Evan continued to perfect his Apple 1 demo from HOPE by demonstrating BASIC programs with the kids' names as well as lunar lander ("see, it plays games!")[and lunar landing is perfect for that venue, for the Hall of Science was originally built for the 1965 World's Fair, focusing on the Mercury & Gemini missions]
On Sat I got to look around. Several "friends of MARCH" had our flyers such as the traveling exhibit of Interesting Things. While Atmel dominates the Arduino arena with their AVR microprocessor, Microchip was there and quickly sold out of their PIC32 based Arduino (IXR has 4 of them for their contest). The Allied Electronics table was empty and staffed by 2 very forlorn folks, for their Raspberry Pi supplier stiffed them and never showed up. Apparently others had more on hand and sold out quickly. Fedora's booth was next to MARCH, running Linux on a Raspberry Pi, running the digital camera and serving photos of folks posing with the Tux mascot. (Drat! I forgot to wear my Red Fedora just to tease them!)
Other booths near MARCH: a joint project of the Cooper Union and Columbia (I attended Cooper for EE), and IEEE (I'm usually a member).
Sunday was interrupted by rain, so many folks huddled inside just to stay dry, so that diluted the number of folks really interested in the Apple 1 or Apple's humble beginnings. And the halogen spot light fritzed out, leaving us in the dark. Literally.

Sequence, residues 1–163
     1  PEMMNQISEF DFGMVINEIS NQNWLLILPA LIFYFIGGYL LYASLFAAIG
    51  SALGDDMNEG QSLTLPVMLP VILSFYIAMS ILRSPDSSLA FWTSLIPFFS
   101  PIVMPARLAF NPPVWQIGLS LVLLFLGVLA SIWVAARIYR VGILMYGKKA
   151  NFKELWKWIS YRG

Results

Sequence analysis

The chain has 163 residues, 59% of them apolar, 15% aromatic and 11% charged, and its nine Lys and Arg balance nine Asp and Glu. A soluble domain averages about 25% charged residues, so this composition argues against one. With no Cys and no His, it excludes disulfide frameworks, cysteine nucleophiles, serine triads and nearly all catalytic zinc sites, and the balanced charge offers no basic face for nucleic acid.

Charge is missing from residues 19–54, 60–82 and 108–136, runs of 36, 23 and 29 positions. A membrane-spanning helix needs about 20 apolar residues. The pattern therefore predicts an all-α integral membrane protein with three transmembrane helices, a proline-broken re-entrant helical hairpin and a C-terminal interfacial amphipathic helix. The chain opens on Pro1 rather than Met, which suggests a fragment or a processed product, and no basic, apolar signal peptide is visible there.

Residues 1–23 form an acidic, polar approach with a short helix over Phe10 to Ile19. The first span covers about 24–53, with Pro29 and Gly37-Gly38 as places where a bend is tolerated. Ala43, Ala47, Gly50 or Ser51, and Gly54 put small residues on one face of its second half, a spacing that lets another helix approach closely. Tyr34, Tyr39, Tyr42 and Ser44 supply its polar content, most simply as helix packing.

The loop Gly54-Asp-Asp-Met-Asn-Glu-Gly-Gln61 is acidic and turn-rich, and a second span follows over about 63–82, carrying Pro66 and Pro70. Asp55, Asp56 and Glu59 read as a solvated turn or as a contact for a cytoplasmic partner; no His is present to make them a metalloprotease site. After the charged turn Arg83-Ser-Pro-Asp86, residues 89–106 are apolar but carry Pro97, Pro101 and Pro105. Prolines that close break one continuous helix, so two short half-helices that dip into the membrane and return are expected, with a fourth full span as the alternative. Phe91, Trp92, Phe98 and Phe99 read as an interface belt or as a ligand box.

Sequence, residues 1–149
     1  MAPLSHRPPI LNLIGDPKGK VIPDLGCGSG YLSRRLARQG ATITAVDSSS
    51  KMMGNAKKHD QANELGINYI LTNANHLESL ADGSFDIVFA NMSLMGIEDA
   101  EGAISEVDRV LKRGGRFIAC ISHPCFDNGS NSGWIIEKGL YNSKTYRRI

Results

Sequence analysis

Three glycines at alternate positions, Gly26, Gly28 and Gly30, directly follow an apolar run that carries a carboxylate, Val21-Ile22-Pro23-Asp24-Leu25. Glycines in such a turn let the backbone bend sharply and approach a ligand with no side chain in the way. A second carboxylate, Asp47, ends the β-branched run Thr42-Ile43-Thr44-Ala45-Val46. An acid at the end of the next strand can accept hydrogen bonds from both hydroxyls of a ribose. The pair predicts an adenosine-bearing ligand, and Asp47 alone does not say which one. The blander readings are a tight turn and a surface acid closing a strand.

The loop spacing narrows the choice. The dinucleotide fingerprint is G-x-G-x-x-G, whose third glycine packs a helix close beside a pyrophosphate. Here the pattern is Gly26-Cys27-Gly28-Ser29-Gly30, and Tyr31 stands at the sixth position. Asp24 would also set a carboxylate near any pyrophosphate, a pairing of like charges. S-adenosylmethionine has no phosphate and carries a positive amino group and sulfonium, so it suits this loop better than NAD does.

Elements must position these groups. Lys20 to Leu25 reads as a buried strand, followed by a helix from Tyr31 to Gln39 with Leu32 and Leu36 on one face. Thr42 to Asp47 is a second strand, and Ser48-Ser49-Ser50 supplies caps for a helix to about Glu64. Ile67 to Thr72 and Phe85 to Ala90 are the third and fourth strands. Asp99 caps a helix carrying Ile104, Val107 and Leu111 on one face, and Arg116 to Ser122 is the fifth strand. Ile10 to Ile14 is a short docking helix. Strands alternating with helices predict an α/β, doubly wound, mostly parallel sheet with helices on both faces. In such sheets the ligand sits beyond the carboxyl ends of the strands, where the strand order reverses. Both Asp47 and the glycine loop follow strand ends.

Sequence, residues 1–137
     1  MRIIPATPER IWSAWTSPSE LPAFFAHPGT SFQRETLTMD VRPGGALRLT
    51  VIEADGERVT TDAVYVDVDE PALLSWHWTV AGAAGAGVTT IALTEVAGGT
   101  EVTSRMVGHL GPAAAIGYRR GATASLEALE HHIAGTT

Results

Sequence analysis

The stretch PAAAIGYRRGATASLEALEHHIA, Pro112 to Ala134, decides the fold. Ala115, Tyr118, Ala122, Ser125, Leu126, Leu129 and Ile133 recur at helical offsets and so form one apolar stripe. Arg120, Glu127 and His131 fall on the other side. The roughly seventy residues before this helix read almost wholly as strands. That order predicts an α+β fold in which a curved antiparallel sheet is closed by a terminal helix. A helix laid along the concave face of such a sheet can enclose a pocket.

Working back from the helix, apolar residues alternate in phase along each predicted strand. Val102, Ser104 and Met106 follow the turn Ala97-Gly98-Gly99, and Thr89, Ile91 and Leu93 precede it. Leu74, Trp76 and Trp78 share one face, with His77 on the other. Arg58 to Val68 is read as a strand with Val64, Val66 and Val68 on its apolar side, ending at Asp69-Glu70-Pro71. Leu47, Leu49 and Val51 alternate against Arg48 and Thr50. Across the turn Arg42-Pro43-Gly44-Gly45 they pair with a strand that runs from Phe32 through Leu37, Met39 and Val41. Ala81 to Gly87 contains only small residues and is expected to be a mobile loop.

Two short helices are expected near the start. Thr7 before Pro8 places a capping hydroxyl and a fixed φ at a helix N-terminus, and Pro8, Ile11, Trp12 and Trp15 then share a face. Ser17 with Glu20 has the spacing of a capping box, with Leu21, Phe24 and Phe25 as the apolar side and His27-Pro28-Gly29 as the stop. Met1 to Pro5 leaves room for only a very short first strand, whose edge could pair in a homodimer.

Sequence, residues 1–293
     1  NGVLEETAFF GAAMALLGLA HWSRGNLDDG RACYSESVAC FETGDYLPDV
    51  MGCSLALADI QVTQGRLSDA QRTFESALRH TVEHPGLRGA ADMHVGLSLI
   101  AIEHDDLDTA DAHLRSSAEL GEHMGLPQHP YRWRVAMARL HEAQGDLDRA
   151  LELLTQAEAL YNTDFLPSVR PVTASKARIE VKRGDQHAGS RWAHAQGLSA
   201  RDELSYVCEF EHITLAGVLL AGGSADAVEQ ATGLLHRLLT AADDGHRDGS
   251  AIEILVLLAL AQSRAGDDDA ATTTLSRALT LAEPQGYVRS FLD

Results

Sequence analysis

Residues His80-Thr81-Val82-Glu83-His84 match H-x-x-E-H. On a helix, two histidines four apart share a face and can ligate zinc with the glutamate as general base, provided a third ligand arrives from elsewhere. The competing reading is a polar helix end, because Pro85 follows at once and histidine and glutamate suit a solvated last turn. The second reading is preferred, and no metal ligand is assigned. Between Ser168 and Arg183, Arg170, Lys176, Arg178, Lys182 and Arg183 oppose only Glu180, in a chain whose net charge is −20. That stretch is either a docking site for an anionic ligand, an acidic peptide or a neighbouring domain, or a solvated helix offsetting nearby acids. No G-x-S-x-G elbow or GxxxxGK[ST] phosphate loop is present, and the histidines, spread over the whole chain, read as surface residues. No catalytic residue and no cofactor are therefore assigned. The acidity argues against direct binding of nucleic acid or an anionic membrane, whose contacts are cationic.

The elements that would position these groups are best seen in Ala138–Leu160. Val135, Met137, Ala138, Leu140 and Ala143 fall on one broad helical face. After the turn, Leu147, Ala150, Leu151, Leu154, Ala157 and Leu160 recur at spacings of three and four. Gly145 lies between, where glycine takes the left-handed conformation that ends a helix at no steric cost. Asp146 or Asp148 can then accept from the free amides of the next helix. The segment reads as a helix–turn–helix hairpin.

I brought my Weird NJ #38 to show off "The Camp Evans Story" to appeal to the non-tech folks and give them yet another reason to visit us! I did my best to feel out what aspect interested each guest the most: the people (Woz and Jobs), the tech, or just "what's the big deal about this?" [kinda like a Passover seder: there are 4 kinds of kids: the wise son, the wicked son, the simple son and the one who does not yet know how to ask a question]. I tried to relate the Apple 1 to the MAKER scene since it's open source software & hardware, and it was kinda the Arduino of its day (a complete & tested ready to run single board computer intended for hobbyists to integrate as they please with their own keyboard & monitor to start).
Many thanks to Evan, Alise and Jeff Brace for the drive home.
> As expected, the Maker Faire visitors were of all demographicsOne woman was telling me how she was about 10 when she met Dr. Wernher Von Braun http://en.wikipedia.org/wiki/Wernher_von_Braun at an astronomy club. That led to Tom Lehrer's song about WVB and happily she knew it well, so I felt obligated to tell her "if you like http://www.tomlehrer.org/ then you'll love http://www.johnforster.com/ "
> -- old, young, male, female, all ethnicities,
> Also as usually happens, we met several interesting people.As with MARCH donations, many are never on display. I have a letter for the line printer carriage control tapes & punch I donated to the Smithsonian but I doubt they're on display unless there's a recreation of a programmer or sysop's desk for the mainframe era.
> One person said his Apple 1 is in the Smithsonian.
Many friends of VCF visited on Saturday, even some VCF attendees!